After a Drowning, Amusement Park Ride Closes for Good

Adventureland in Iowa is being sued over the 2021 incident
By Rob Quinn,  Newser Staff
Posted Jul 6, 2021 4:28 PM CDT
Updated Feb 7, 2023 10:00 AM CST
Parents of Boy Killed in Theme Park Accident Speak Out
Visitors arrive at the Adventureland Park amusement park, Tuesday, July 6, 2021, in Altoona, Iowa.   (AP Photo/Charlie Neibergall)
UPDATE Feb 7, 2023 10:00 AM CST

An amusement park in Iowa has permanently closed a ride on which an 11-year-old boy drowned in 2021. Adventureland announced that its Raging River ride is closed for good, reports the Washington Post. The family of victim Michael Jaramillo is suing the park, alleging negligence after a 1,700-pound raft overturned and trapped the boy underwater. Among other things, the suit alleges that the park didn't have enough workers on hand to help in such emergencies. The ride had been shuttered since the fatal accident, and the park said it concluded after a monthslong review to keep it that way.

Jul 6, 2021 4:28 PM CDT

"I feel like Adventureland robbed me of my baby," says Sabrina Jaramillo, whose 11-year-old son, Michael, died after a Saturday accident at the Altoona, Iowa theme park. "I will never get a chance to see him grow up." Michael died Sunday and his 15-year-old brother, David, remains hospitalized with critical injuries. Father David Jaramillo tells ABC they were trapped by their seat belts after their raft on the Raging River ride suddenly flipped. "I see the silhouettes of my sons trying to grab each other, grab us," he says "They want us to help them. We couldn't do it." He says both parents, along with 14-year-old son August and their niece, Nyla, were able to break free and get to the surface, but the two boys were stuck. "The river was so intense, it was like a suction," he says.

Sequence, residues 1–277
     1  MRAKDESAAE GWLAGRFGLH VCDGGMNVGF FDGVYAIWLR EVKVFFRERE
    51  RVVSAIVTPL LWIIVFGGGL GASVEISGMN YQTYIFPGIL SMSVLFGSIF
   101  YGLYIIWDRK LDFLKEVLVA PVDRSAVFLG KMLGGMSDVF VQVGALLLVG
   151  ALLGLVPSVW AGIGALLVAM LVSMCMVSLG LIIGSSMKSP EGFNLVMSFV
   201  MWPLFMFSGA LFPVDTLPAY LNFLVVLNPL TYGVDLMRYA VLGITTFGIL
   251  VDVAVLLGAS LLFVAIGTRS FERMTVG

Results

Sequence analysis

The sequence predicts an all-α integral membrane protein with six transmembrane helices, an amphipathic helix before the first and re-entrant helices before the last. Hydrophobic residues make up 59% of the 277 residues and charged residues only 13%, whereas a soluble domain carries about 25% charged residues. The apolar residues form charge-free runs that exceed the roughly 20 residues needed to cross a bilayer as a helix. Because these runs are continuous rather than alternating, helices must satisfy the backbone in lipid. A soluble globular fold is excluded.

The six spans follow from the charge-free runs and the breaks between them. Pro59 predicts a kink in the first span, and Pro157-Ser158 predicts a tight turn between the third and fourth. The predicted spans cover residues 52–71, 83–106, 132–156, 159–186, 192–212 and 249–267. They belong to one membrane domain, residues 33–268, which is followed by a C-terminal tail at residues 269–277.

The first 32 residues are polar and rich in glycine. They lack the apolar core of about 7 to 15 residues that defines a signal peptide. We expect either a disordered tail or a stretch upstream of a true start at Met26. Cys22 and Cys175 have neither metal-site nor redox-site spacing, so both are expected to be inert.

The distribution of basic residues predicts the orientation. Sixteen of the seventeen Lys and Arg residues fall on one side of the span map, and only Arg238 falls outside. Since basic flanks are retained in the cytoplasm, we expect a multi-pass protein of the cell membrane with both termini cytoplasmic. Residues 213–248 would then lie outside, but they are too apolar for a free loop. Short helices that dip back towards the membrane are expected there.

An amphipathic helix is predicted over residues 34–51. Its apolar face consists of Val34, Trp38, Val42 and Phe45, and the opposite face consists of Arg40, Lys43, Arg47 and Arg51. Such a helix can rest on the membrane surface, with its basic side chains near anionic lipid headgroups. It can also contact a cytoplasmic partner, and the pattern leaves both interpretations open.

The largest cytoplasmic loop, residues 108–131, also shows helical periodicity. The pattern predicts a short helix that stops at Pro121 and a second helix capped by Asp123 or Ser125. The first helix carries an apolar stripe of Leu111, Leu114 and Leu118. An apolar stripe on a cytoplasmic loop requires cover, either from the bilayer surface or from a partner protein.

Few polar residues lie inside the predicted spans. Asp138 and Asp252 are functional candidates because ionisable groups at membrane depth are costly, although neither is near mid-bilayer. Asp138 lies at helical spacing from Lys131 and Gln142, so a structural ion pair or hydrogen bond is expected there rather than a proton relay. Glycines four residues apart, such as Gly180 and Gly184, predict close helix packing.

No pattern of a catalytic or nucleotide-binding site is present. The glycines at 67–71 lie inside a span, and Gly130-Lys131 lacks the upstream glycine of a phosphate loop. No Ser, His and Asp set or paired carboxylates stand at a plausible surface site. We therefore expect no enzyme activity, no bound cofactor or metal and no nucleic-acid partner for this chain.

Witnesses and first responders eventually managed to free the boys. David, who turns 16 Wednesday, is in a medically induced coma. The Raging River attraction, which first opened in 1983, moves rafts through rapids on a conveyor belt. Adventureland says it passed an inspection on Friday, the day before the ride reopened for the season. Gladys Boohel, widow of a 68-year-old seasonal employee who died due to an operator error on the ride in 2016, tells the AP that ride's location far from entrances made it tough for emergency vehicles to reach the site when her husband died. They encountered the same problem Saturday, and Boohel says she's angry that the park has failed to deal with the issue. Adventureland says it is cooperating with state inspectors' investigation. (More theme park stories.)

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